1. private Action<OpenIdConnectOptions> GetOpenIdConnectOptions(string policy)  
  2.         => options =>  
  3.         {  
  4.             options.MetadataAddress =   
  5.                "https://login.microsoftonline.com/" + this.TenantName +   
  6.                "/v2.0/.well-known/openid-configuration?p=" + policy;  
  7.             options.ClientId = this.ClientId;  
  8.             options.ResponseType = OpenIdConnectResponseType.IdToken;  
  9.             options.CallbackPath = "/signin/" + policy;  
  10.             options.SignedOutCallbackPath = "/signout/" + policy;  
  11.             options.SignedOutRedirectUri = "/";  
  12.         };  

Here we are setting up Open ID Connect authentication middleware with,

  • MetadataAddress
    Path to the discovery endpoint to get metadata about our policy.

  • ClientId
    Application identifier that Azure AD B2C provides for our application.

  • ResponseType
    Value that determines authorization flow used and parameters returned from server. We are interested only in authorization token for now.

  • CallbackPath
    Path where server will redirect after authentication. We don’t need to create this in our application, the middleware will handle this.

  • SignedOutCallbackPath
    Path where server will redirect after signing out.

  • SignedOutRedirectUri
    Path where application will redirect after signing out. This is the path to our application home page, for instance.

Also when configuring authentication middleware, we’ve specified sign-up or sign-in as challenge scheme. This is the middleware ASP.NET Core will use for users who have not been signed in. Azure AD B2C will present them with login page with option to sign-up too.

Once signed in, we want to store their identity in a cookie, instead of redirecting to authentication server for every request. For this reason we’ve added cookie authentication middleware and are using that as default sign-in scheme. If the cookie is missing, users will be ‘challenged’ for their identity.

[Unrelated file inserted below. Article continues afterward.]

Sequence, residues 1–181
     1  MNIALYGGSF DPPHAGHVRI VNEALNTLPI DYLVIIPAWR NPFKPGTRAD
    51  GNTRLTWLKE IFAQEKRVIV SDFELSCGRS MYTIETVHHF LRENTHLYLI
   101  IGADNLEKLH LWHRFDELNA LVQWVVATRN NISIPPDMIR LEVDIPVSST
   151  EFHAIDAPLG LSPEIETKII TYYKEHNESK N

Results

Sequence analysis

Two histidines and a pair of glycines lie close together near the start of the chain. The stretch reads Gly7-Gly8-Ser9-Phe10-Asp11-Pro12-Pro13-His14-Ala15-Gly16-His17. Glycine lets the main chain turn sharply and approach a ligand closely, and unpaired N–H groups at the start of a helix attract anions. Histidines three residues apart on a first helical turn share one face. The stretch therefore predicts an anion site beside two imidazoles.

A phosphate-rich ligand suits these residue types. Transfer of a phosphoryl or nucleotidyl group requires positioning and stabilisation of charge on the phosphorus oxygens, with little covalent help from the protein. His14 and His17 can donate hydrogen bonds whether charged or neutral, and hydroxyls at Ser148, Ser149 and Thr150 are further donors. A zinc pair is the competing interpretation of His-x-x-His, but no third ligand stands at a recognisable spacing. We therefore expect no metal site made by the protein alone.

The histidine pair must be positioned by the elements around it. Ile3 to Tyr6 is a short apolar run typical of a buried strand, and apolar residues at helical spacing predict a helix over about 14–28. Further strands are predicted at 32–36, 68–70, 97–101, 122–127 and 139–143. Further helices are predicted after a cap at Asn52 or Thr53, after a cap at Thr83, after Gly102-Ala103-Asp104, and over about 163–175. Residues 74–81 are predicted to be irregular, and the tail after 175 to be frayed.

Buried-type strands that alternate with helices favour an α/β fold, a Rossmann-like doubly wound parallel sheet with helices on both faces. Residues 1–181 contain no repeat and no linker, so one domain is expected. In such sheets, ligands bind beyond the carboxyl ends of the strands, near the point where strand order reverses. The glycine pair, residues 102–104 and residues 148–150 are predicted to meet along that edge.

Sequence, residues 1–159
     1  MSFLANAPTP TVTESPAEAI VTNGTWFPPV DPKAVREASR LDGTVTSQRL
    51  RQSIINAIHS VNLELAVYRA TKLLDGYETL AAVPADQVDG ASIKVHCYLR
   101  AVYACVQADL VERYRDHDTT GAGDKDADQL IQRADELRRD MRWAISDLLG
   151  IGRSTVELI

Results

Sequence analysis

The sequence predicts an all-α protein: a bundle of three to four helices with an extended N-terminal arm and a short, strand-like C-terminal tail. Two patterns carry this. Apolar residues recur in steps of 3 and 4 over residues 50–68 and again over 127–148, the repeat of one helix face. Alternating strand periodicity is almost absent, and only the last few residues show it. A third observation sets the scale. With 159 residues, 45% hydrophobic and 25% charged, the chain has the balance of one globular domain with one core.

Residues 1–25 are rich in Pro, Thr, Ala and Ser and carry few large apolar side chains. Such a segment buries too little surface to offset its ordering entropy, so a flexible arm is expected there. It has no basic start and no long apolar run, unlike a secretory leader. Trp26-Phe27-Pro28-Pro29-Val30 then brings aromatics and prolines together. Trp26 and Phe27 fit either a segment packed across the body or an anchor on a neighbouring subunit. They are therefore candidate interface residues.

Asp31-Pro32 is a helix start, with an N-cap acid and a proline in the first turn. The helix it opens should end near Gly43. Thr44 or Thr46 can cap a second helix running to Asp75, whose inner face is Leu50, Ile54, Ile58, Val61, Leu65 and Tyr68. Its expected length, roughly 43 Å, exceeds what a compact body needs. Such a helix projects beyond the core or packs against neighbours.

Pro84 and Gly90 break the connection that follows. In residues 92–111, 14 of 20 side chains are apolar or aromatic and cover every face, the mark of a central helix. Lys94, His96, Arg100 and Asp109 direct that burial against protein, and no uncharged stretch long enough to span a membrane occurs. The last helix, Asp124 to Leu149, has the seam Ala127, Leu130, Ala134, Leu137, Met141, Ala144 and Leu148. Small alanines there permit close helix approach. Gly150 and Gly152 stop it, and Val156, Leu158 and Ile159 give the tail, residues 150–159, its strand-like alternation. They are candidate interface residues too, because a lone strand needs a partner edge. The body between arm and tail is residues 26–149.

Add a controller to implement login, logout, sign-up and profile editing actions:

  1. public class SecurityController : Controller  
  2.   {  
  3.       public IActionResult Login()  
  4.       {  
  5.           return Challenge(  
  6.              new AuthenticationProperties { RedirectUri = "/" }, "B2C_1_sign_in");  
  7.       }  
  8.   
  9.       [HttpPost]  
  10.       public async Task Logout()  
  11.       {  
  12.           await HttpContext.SignOutAsync(  
  13.               CookieAuthenticationDefaults.AuthenticationScheme);  
  14.   
  15.           var scheme = User.FindFirst("tfp").Value;  
  16.           await HttpContext.SignOutAsync(scheme);  
  17.       }  
  18.   
  19.       [Route("signup")]  
  20.       public async Task<IActionResult> SignUp()  
  21.       {  
  22.           return Challenge(  
  23.               new AuthenticationProperties { RedirectUri = "/" }, "B2C_1_sign_up");  
  24.       }  
  25.   
  26.       [Route("editprofile")]  
  27.       public IActionResult EditProfile()  
  28.       {  
  29.           return Challenge(  
  30.              new AuthenticationProperties { RedirectUri = "/" },   
  31.              "B2C_1_edit_profile");  
  32.       }  
  33.   }  

When logging out it is important to sign-out from authentication server (Azure AD B2C) and also remove the cookie by signing out from cookie authentication scheme. Azure AD B2C sends the current profile name as tfp claim type, we use that to sign-out from the policy currently in use.

Run the application,

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Sign-up a new user,

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Then login,

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You’ll be redirected to your application,

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You could edit the profile too,

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When cancelling profile edit (or sign-up), Azure AD redirects back to your application but with an error, in order to catch that error and redirect to your home page we can handle event when setting up Open ID Connect middleware:

  1. private Action<OpenIdConnectOptions> GetOpenIdConnectOptions(string policy)  
  2.         => options =>  
  3.         {  
  4.             ...  
  5.   
  6.             options.Events.OnMessageReceived = context =>  
  7.             {  
  8.                 if (!string.IsNullOrEmpty(context.ProtocolMessage.Error) &&  
  9.                       !string.IsNullOrEmpty(context.ProtocolMessage.ErrorDescription) &&                     
  10.                        context.ProtocolMessage.ErrorDescription.StartsWith("AADB2C90091"))  
  11.                 {  
  12.                     context.Response.Redirect("/");  
  13.                     context.HandleResponse();  
  14.                 }  
  15.   
  16.                 return Task.FromResult(0);  
  17.             };  
  18.         }; 

Source Code